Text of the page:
Board games based on video games were once an interesting art form. People would take classic games like Super Mario Bros. or The Legend of Zelda and try to adapt them to a board game format. Most of the time they really had to stretch what kind of game they could make out of the source material. Most of the video game board games were designed much like old games based on TV shows, movies, or even personalities like Dr. Ruth and Lucille Ball. Alas, that’s all disappeared in the modern age in exchange for reskins of Monopoly, Risk and Yahtzee with Pokemon or Metal Gear Solid slapped onto it. I blame USAopoly for homogenizing the licensed board games market.
Let’s go back to the past, and talk about a little pellet chomper named Pac-Man. Back when Buckner and Garcia were exclaiming they had Pac-Man Fever, and this beloved character was not being slapped into crappy cartoons written by ex-Tiny Toon Adventures writers, Pac-Man was super-popular in the United States. This was mostly in part because of Midway’s (Pac-Man‘s distributor at the time) very aggressive marketing. There were t-shirts, toys, electronic handheld games, and of course, board games.
I could cover the Pac-Man board game by Milton Bradley in 1980, but it’s been done to death. It played much like the arcade game, where multiple Pac-Men could gobble dots for points while being avoided by the ghosts. It’s like Hungry Hungry Hippos, but with a board and actual strategy attached to it. They also made a board game for Ms. Pac-Man, but replaced the power pellets with a die roll, and had only one player take control of Ms. Pac-Man, swapping control to another player when an enemy ghost captured her. Also, the easily losable marbles were replaced with much more sensible chips.
There’s not a whole lot to say about the Pac-Man board games, they’re simple conversions of the arcade game. But the Pac-Man game train didn’t stop there. Enter Pac-Man: The Card Game, and Pac-Man: TWO CHALLENGING PUZZLES!
Released around 1980-82, both of these were released to further capitalize on the Pac-Man gravy train. I snagged both of these many many years ago, back when I was using eBay like a madman and buying things left and right. I kinda miss those days, that’s where a fair share of my games collection came from, as well as other obscure stuff I own, like a Wheel of Fortune play-along TV handheld from the late ’80s.
The Card game is a little convoluted at first. Each player gets a game board and three cards drawn from a deck of 47 cards. You place a “number card” or a “picture card” on any player’s board to form a mathematic equation. The numbers are separated into 0, 1, 5, and 10; and the picture cards either had Pac-Man (which adds the two numbers), a green ghost (subtracts the two numbers), or Pac-Man eating Clyde (multiplies the two numbers). Once you made a set of three, you were scored based on the mathematic equation you or another player had made. First to 100 points wins the game.
There is a catch, though: Your equation can’t equal a negative number, so if you did 1 – 10, you’d get no points. At least, that’s how the game is normally played. If you wanted a challenge (or you just wanna be a dick), you could make it so negative points are allowed. But since this might make the game tougher and take considerably longer, you only need to get to 50 points with these special set of rules.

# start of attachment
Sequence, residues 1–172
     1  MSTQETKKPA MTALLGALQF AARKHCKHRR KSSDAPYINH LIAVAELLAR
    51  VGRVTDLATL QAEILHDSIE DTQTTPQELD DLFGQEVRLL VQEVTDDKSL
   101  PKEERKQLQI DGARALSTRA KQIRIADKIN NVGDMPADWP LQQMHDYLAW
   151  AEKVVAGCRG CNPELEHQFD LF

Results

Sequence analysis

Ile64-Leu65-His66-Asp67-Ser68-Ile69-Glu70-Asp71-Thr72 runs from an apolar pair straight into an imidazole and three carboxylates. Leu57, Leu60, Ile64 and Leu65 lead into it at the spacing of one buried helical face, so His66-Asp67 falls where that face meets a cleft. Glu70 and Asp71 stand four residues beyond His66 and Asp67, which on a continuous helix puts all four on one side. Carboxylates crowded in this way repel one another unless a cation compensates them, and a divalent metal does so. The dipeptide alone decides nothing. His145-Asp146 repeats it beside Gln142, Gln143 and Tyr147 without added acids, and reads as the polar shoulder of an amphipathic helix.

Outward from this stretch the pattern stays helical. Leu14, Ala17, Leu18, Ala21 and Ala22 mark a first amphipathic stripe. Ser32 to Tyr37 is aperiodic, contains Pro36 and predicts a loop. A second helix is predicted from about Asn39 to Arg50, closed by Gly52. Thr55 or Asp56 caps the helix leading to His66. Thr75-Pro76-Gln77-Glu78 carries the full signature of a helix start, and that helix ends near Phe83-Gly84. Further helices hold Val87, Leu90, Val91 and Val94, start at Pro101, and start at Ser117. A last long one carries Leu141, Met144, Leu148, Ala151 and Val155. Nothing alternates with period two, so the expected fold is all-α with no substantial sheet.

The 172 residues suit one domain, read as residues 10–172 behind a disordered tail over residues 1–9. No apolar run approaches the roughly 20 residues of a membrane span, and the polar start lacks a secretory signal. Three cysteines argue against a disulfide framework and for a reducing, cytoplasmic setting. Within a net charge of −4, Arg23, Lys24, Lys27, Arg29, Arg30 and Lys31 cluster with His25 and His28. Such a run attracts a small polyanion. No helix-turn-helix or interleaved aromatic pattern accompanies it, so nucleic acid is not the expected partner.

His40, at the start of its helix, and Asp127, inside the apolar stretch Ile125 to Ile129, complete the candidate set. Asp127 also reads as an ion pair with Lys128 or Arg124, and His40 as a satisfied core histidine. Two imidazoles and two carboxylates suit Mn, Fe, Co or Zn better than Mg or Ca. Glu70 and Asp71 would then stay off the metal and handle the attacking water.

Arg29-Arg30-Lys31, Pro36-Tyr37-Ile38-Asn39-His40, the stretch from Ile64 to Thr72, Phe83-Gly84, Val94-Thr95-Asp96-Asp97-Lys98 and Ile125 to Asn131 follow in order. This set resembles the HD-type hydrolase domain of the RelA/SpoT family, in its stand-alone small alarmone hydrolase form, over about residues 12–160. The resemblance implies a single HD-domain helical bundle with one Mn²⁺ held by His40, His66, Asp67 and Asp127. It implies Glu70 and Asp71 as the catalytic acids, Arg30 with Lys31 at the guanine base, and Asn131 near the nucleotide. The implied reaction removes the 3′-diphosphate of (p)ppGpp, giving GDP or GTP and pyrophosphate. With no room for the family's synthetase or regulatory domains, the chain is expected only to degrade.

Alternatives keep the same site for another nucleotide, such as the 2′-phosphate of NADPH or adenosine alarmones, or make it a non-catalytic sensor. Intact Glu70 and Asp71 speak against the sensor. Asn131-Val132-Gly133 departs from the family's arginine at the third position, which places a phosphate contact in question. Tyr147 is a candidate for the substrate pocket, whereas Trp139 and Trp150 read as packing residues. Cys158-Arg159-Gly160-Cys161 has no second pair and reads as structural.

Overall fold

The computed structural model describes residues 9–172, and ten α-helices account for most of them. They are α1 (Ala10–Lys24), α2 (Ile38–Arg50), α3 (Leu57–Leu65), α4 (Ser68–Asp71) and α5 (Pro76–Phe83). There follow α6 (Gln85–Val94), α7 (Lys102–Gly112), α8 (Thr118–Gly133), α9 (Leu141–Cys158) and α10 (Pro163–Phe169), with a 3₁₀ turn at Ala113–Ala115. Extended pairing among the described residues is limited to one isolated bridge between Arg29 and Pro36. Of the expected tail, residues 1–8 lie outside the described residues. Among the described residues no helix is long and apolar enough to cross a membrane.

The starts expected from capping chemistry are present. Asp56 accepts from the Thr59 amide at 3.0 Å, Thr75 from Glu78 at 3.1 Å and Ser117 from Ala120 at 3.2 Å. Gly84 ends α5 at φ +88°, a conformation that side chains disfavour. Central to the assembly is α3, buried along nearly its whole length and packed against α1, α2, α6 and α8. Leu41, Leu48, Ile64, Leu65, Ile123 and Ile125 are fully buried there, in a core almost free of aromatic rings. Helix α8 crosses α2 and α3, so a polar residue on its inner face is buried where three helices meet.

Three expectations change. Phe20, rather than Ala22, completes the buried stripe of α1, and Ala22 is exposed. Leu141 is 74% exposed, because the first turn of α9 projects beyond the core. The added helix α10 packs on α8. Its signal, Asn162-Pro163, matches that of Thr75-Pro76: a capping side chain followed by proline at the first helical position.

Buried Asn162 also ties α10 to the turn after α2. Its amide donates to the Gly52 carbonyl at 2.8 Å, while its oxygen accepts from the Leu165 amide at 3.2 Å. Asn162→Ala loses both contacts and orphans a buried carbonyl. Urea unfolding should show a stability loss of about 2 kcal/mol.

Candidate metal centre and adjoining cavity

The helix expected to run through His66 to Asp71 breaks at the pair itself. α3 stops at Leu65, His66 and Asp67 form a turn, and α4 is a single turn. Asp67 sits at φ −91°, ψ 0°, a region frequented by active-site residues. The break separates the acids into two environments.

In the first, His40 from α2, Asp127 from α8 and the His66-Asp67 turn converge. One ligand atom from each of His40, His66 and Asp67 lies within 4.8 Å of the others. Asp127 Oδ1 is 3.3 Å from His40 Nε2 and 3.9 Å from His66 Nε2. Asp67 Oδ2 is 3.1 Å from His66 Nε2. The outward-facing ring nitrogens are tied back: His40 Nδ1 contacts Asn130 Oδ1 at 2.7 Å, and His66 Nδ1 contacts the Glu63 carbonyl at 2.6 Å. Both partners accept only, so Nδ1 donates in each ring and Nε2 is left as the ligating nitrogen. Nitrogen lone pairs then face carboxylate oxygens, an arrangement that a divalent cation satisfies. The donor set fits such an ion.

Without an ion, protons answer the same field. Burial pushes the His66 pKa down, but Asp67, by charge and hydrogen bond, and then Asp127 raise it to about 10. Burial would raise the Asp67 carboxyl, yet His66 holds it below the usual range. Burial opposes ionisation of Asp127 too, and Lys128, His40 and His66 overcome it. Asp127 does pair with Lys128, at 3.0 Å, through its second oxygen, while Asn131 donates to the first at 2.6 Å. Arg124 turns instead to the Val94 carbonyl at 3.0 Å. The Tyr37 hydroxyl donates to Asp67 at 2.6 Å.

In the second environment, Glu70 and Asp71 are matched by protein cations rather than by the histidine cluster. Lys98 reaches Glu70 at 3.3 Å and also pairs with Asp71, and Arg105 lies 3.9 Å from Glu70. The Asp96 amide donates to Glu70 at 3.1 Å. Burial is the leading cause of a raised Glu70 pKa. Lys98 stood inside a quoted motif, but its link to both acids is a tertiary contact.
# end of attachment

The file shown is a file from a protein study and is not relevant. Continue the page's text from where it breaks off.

Pac-Man: The Card Game would’ve fit fine in a third grade classroom as an entertaining side activity, with helping kids learn math, but it’s not an amazing game by any stretch. This game and its relation to Pac-Man is minimal at most, this could’ve featured generic symbols and numbers and would have the same impact. I wonder if this was just an existing Milton Bradley game slapped with a Pac-Man license on it. Guess we’ll never know.
Now, onto the TWO CHALLENGING PUZZLES!
This one doesn’t need much explanation: Inside the box are a bunch of various shapes. Your goal is first to make four Pac-Men with their mouths open using the pieces inside. Once done, you can then challenge yourself by converting those four Pac-Men into three Pac-Men with their mouths closed in a complete circle. That’s it. You can challenge these puzzles with friends, or see how fast you can complete both challenging puzzles.
The only challenge is where the pieces may be arranged. You must have at least one piece with an open “eye” on each Pac-Man, and it’s entirely possible to get one or two Pac-Men completed, but have other pieces that can’t be placed in a way to complete the puzzle. I had to completely reset so I could complete the harder puzzle a few times because of this.
One last thing: This puzzle is aged 8 to adult, but it shouldn’t be difficult for most ages to figure out. Though, Milton Bradley thought that some people might not have sick puzzle skills, so you could at one time mail Milton Bradley a letter and have them mail you the solution to the puzzles.
Out of all the video game board game adaptions, these are probably the most interesting of the lot. Both of them took the simplicity of Pac-Man and tried to put it into something in addition to the “converting the arcade game to a board game” concept, but I wouldn’t say these are underrated gems no one played. These are certainly better than the 500 video game board games that look all the same today, that’s for sure. If you really like Pac-Man, these are an interesting thing to add to your Pac-Collection, otherwise you can safely live without these games.
Come to think of it, I wonder what Namco thought of these games, or if they even know they even exist. Maybe that’s why Midway lost the rights to Pac-Man in the mid-’80s: because they were whoring Pac-Man out like this, and didn’t approve. It’s a complete mystery.